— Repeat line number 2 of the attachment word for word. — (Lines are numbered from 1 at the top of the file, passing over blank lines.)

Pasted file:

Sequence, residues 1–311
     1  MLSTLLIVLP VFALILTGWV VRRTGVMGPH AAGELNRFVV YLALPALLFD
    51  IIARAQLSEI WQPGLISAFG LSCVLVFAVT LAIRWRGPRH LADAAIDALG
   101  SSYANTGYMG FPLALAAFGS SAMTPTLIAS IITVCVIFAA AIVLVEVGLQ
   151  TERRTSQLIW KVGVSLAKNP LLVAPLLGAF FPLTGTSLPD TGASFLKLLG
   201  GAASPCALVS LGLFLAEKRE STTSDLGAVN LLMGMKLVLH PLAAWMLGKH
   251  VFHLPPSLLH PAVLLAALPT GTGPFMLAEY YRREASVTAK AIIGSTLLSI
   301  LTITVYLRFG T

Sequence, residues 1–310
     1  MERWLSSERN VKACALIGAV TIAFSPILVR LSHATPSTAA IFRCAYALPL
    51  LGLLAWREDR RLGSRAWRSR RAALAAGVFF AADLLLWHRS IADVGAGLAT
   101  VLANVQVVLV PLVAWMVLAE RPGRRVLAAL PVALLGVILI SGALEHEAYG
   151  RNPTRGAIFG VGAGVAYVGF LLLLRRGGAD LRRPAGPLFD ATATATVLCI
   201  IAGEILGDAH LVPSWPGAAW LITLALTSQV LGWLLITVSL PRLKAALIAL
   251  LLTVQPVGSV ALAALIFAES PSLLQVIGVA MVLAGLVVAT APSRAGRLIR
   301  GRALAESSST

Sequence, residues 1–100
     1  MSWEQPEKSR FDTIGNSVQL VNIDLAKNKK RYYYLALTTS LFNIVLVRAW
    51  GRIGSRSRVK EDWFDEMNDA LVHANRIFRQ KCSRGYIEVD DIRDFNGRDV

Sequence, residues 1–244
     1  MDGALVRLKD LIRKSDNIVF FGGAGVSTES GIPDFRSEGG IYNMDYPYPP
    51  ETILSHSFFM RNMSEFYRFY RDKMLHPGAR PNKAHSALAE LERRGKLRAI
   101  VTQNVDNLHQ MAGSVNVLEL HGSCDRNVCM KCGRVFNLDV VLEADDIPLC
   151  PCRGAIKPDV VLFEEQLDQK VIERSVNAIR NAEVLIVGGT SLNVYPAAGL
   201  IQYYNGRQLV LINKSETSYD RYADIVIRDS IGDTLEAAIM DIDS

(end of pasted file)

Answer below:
     1  MLSTLLIVLP VFALILTGWV VRRTGVMGPH AAGELNRFVV YLALPALLFD